Only a few more days until election day. Here’s an update on the candidates
In the dying days of the federal election campaign, Gord Johns has been hard at it. The NDP incumbent has been hammering the governing Liberals on everything from inaction on Canada’s ongoing opioid overdose crisis to its mishandling of the Fish Harvester Benefit Program. In a recent Facebook post about DFO’s recent decision to claw back $18 million from the program, he called it “one more example of how the Trudeau Liberals have cost Canadians.” In addition, Johns recently put himself on the hot seat with the Alberni Valley Chamber of Commerce when they questioned him on the opioid crisis, affordable housing, and small business support.
In another FB post, Johns addressed affordable housing. He blamed the Liberal and Conservative governments for giving the ultra-rich a free ride. mHe said they failed to crackdown “on the big-money house flippers who are making big profits, taking advantage of tax loopholes and driving up house prices beyond the reach of everyday families.”
The Conservative candidate was a no-show at last Thursday’s all-candidates meeting hosted by the North Island Students’ Union at the North Island College campus in Courtenay.
For the most part, Lee’s official website directs voters to Conservative Party social media platforms. In a recent promotional video posted to Black Press’s Comox Valley Record, Lee pumped up the Conservative Party’s five-pillar strategy; secure jobs, secure accountability, secure mental health, secure the country and secure the economy.”
She also said that the main thing she has consistently heard when knocking on doors throughout the riding is concern about economic recovery from the pandemic.
Lee said her experience in the military and communications for the school district and other clients has given her a “people-centric approach.”
Like her Conservative counterpart, Farlinger leans heavily on party platform talking points. But, as a biologist and career senior public servant, she said she has worked with fishers, environmentalists, stewardship groups and aboriginal communities up and down the coast of B.C and in international fisheries negotiations.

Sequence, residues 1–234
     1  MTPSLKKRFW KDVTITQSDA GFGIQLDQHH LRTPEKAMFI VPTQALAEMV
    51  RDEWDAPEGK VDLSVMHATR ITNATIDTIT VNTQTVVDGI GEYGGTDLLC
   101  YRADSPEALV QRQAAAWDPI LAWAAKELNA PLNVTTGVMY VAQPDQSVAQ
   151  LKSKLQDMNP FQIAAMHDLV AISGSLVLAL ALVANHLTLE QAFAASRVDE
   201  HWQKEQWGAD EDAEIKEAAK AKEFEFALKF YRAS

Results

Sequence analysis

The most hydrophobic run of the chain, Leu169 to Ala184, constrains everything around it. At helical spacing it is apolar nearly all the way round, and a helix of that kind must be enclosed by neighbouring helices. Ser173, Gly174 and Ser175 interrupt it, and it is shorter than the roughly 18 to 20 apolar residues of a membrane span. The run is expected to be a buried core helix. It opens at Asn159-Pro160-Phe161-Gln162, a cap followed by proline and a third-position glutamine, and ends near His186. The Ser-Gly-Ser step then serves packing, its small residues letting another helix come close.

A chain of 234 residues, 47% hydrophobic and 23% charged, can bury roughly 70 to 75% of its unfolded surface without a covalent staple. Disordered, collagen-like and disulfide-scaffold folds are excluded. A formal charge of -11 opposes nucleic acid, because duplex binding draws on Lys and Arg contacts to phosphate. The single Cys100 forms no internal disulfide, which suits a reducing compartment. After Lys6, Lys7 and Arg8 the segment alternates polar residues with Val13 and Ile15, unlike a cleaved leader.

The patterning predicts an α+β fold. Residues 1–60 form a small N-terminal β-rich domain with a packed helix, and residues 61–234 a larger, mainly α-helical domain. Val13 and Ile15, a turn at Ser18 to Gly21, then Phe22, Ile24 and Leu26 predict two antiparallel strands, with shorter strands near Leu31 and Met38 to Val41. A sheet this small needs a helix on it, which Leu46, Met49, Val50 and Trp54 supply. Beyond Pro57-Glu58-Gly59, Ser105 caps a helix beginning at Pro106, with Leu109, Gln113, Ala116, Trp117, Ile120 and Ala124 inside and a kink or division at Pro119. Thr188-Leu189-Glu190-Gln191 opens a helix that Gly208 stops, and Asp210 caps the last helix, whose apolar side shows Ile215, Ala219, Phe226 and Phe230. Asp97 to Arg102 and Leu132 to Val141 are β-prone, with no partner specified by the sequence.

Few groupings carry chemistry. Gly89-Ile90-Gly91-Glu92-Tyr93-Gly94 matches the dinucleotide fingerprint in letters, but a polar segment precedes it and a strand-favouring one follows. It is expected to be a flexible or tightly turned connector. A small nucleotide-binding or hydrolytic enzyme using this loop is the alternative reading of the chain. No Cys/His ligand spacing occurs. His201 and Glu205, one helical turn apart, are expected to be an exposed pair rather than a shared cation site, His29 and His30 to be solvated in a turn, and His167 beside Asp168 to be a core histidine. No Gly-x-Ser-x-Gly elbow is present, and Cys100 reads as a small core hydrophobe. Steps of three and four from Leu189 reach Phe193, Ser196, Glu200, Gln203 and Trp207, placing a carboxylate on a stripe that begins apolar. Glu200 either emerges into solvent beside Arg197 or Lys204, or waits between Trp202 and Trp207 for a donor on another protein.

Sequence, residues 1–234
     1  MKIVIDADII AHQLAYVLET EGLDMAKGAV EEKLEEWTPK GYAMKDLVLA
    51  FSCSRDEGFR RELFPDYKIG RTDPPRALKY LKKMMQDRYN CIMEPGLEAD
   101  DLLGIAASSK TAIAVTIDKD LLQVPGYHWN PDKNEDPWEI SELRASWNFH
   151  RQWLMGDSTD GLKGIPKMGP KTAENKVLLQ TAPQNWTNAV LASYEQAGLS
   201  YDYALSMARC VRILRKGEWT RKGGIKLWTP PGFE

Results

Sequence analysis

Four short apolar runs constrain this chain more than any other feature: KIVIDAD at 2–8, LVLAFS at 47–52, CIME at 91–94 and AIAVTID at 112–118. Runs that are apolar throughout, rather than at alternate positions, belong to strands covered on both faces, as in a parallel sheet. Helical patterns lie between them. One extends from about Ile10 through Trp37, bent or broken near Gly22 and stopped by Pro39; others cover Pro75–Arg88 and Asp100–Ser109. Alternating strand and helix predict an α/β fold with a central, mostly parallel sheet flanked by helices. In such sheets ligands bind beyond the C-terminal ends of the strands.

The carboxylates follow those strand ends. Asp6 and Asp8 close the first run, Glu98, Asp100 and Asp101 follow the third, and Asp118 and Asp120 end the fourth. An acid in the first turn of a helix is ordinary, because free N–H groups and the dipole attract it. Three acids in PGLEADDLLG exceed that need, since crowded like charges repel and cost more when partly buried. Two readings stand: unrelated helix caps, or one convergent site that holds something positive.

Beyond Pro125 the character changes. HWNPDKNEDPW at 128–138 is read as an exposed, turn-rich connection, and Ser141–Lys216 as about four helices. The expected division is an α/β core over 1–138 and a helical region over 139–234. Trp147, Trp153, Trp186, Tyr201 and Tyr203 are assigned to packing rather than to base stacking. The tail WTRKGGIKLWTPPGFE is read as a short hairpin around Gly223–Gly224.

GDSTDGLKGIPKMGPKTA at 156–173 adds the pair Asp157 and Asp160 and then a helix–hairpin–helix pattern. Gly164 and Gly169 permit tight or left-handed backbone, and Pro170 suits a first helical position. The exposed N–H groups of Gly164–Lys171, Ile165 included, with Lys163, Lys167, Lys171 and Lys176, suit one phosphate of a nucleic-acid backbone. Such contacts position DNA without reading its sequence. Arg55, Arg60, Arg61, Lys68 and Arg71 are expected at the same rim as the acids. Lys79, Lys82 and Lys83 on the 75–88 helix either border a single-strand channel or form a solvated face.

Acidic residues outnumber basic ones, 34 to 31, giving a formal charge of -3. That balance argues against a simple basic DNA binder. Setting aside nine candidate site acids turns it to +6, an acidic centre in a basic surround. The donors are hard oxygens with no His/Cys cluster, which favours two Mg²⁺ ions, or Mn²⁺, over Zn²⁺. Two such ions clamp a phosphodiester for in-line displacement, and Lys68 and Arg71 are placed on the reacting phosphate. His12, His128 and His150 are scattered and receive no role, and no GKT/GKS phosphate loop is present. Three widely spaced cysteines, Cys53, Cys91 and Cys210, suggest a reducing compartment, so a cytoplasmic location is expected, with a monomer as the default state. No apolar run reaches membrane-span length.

“My experience in managing the diverse programs and relationships for Fisheries and Oceans in this region is based on a belief not only in evidence-based science but also in the need for understanding the knowledge, impacts and experience of individuals and communities to respond to these profound challenges,” she said in a campaign video posted to Black Press newspapers.
Farlinger is an ongoing contributor and member of the Oceanside 100 Women Who Care, an organization that has contributed $382,700 to local charities since 2017 and is a board member with the Pacific Salmon Foundation.
In the video, she said she wants to ”communicate the needs and interests of our communities to the Liberal government and put real solutions into action on the ground.”
The McGill University-educated graphic artist lives on an island near Tofino and has owned galleries in both Tofino and Gastown in Vancouver.
“A green movement around the globe is the necessary change to help us get out of the spiral of deteriorating life forces taking place. We need to be regenerating, renewing, repairing and restoring the natural world,” said Courtenay-Alberni Green Party candidate Susan Lawson in a recent interview.
Lawson is a long-time environmental activist who protested against old-growth logging in Clayoquot Sound in the early 1990s and mining in Strathcona Park. She was also co-chair of the Canadian Environmental Network based in Ottawa.
Lawson says we are at a critical time in our relationship with the planet and is calling for a paradigm shift “that looks at long term results rather than short-term profit.”
The Courtenay-Alberni Green Party Facebook page features posts about various social and environmental issues, from child poverty to a Nuu-Chah-Nulth resource management proposal for “salmon” parks on the West Coast.
Eppich has virtually no online information about his policy positions. Other than some broad statements about supporting small businesses, the Denman Island resident tweets mirror the Peoples Party of Canada’s pro-virus, pro-fossil fuels, freedom of speech, and anti-multiculturalism agenda.